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Yes, I shall discuss my needs with the man. :)

As some of you may know from my previous posts, I've got a very small house with an equally small garden- no room for extra kennels.
Plus, I'm 73, on my own and not into DIY.

I expect I'll end up with a wooden shed, as it should be relatively easy to remove one of the little overlapping pieces of wood that make the shed walls, either side of the door. This is how the cats got into my shed originally - a slat of wood fell out of its own accord.
Lots more has dropped off, since!

I must bite the bullet and not ask for the cheapest shed on the market! I need one ready creosoted (or the modern equivalent.)
You can get the suppliers to build the shed for you.
These guys look like they do good sheds and will build for you (Caveat: I can't make a personal recommendation as I've never bought from them):
http://www.beastsheds.co.uk/
Note: A 'tanalised' shed will last longer.
 

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I'd go for a wooden shed. Makes sure it's properly treated/painted. And repaint/retreat every few years.

If you look after the top and the bottom, the rest is easy.

Top: It will be a bit of an added expense, and depending on your circumstances you might need to get someone in to do it for you - but I'd recommend you don't just tack on the roof felt, but use a bituminous felt adhesive as well. This will stop the wind getting under and eventually ripping it off, which is generally the first thing to go wrong with an off the peg shed.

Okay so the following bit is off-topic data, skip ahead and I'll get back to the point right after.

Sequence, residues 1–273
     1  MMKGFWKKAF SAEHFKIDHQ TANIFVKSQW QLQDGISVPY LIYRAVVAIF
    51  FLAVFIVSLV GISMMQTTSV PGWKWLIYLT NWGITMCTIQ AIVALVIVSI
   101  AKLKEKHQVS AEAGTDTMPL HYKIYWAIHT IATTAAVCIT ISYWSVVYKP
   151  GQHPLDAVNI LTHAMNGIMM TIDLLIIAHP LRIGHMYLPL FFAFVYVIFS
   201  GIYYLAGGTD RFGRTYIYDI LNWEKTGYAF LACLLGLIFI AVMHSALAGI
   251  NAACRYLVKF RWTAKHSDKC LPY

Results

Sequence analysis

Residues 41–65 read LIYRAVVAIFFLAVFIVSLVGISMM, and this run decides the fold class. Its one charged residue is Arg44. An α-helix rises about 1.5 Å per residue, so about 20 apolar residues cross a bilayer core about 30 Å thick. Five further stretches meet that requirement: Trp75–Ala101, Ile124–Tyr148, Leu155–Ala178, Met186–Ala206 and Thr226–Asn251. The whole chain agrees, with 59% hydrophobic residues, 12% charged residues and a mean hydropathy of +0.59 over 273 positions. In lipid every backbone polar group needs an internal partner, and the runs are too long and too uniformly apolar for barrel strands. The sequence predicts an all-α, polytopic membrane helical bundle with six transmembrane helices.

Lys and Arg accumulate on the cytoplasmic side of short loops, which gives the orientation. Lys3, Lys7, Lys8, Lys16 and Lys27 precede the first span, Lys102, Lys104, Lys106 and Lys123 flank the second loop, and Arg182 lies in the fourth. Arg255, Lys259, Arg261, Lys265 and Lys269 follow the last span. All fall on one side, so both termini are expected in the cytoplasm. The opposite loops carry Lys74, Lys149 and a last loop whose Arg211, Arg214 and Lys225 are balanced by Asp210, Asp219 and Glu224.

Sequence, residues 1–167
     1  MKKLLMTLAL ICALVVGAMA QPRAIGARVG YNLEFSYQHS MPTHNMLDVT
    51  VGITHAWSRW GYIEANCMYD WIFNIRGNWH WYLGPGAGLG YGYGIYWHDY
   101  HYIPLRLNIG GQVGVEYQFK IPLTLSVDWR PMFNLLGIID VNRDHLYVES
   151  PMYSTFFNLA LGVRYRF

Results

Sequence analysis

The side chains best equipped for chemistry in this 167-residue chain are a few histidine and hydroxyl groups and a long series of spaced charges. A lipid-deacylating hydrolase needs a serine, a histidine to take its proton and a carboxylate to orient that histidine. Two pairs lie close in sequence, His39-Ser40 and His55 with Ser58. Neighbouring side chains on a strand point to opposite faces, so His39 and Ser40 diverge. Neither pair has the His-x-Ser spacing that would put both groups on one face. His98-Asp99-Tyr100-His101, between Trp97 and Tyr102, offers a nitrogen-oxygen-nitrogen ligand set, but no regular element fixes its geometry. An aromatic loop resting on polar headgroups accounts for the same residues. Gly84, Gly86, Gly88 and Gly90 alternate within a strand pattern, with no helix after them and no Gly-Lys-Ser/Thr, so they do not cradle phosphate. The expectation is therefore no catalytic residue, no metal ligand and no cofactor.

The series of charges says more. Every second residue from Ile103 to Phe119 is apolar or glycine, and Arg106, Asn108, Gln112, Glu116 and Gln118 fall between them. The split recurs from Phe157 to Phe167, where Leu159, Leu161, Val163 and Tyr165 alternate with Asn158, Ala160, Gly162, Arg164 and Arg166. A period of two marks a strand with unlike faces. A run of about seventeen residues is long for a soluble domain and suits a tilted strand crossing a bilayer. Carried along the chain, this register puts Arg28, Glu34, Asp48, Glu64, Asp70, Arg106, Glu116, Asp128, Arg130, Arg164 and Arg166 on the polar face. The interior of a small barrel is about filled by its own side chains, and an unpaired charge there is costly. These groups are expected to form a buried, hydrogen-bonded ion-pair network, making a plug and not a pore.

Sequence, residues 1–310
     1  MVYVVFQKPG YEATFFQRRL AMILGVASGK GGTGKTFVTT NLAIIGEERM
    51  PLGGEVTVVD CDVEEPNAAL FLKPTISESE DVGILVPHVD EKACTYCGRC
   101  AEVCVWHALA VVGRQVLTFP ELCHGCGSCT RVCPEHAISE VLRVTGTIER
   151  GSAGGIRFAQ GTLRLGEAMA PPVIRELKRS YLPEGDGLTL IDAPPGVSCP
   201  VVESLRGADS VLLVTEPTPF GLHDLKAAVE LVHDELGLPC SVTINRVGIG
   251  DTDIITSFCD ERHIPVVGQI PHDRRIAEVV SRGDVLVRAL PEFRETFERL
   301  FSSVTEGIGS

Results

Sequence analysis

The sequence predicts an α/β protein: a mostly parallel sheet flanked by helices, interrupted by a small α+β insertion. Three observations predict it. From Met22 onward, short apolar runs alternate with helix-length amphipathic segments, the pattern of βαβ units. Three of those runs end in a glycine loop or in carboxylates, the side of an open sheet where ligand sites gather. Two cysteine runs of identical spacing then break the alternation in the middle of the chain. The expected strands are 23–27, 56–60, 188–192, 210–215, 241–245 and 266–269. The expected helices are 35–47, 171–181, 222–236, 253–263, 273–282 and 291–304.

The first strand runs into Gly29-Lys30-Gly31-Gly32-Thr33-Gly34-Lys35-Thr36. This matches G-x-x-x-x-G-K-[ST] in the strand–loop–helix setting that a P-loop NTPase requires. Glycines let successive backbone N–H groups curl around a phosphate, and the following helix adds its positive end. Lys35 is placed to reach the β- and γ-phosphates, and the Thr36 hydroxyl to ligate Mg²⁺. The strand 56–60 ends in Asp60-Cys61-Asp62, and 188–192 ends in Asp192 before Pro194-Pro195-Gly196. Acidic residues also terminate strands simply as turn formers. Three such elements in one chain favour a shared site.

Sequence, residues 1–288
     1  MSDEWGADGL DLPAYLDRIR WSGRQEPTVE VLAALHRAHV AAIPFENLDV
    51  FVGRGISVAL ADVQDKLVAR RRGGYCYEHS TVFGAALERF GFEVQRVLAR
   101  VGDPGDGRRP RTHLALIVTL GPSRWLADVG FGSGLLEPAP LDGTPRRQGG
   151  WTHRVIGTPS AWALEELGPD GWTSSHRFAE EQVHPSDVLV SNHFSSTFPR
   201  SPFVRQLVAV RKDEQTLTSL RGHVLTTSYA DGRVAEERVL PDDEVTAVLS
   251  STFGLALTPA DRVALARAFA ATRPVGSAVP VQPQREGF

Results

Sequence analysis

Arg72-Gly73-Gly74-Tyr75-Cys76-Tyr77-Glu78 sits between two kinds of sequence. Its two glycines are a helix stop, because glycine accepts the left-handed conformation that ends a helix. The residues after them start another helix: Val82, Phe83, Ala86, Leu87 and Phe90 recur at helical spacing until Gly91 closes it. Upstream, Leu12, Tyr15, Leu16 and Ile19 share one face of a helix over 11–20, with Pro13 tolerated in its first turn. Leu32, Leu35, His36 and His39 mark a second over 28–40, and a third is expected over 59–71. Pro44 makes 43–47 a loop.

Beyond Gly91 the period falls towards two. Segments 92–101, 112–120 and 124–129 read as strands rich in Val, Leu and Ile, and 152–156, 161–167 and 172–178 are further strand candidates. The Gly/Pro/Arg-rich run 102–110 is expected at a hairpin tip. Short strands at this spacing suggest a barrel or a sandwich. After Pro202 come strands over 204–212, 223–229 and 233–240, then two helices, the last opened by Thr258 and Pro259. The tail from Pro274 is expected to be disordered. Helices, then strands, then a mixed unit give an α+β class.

Bottom: Ensure there is airflow. Don't have it built directly on soil or grass - maybe put some flags underneath to act as bearers.

...it should be relatively easy to remove one of the little overlapping pieces of wood that make the shed walls, either side of the door. This is how the cats got into my shed originally - a slat of wood fell out of its own accord.
Lots more has dropped off, since!...
The walls will either be shiplap or tongue and groove. These rely on the individual lengths interlocking with each other to create structural integrity, so the problem with cutting bits out is that you compromise the area around; you can certainly do it, but maybe just frame around the area you chop out to fix the rest in place.

I'd also try and add a couple of small vents on opposite walls to create some airflow and stop condensation. My own shed was always soaking wet inside, but I couldn't find an obvious route for water ingress; when I put in the vents, the issue disappeared.